I am currently working through my Nuclear Physics question sheet, and one
part of the course has me stuck. Its just a small part, but how do you
show that the potential energy due to electrostatic forces of a uniformly
charge sphere of total charge Q and radius R is
Where e is epsillon nought.
I looked in the textbook "Modern Physics" and it just says that a simple
proof can show this, albeit in a slightly rejigged way with a factor of 3
fifths at the start.
Dave Hughes <firstname.lastname@example.org> wrote in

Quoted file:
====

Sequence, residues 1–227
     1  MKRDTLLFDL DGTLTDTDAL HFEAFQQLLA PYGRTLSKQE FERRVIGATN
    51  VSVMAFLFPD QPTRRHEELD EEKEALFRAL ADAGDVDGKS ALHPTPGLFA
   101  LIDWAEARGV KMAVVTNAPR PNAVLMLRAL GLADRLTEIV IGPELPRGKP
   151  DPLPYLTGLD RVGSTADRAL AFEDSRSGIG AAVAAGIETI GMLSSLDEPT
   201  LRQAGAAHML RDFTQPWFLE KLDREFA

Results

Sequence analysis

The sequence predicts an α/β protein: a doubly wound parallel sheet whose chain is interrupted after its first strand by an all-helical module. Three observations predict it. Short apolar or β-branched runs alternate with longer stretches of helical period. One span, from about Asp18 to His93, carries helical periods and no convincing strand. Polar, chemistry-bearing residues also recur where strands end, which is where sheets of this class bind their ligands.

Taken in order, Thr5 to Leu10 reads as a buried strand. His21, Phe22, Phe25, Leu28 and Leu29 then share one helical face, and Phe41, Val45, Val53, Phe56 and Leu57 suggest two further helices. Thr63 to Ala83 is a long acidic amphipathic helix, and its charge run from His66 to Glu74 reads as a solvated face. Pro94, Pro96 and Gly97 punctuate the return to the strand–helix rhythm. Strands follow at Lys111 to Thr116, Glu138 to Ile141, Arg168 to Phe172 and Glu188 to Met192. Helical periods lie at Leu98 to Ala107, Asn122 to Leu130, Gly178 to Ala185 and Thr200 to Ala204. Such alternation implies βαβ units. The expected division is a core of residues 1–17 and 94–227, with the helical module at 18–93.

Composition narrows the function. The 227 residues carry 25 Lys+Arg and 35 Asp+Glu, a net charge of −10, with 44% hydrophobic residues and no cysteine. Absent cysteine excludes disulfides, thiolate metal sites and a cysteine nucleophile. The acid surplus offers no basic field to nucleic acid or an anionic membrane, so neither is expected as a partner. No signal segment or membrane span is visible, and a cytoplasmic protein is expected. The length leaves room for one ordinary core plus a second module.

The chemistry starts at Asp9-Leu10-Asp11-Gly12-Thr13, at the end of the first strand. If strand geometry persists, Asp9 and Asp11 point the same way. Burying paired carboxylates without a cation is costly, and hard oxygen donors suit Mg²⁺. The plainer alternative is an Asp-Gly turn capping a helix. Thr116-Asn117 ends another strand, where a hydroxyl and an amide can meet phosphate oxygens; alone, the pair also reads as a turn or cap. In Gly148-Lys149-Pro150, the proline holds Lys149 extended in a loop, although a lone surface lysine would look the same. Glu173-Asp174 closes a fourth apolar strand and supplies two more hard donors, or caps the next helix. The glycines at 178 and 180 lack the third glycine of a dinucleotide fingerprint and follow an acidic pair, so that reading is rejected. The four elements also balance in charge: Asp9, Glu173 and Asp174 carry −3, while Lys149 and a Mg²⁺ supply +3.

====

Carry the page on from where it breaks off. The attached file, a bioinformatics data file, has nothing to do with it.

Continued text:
Recognize that if you have a uniformly charged sphere of total charge Q,
radius r, and charge density p, and it has a potential energy X, then the
change in X from adding a thin shell of thickness dr is:
dX = 4*pi*r^2*p*(dr)*Q/(4*pi*e*r).
Then integrate from X=0 to X=R, using Q(r)=(4/3)*pi*r^3*p .
Eliminate p from the final answer by substituting Q(R).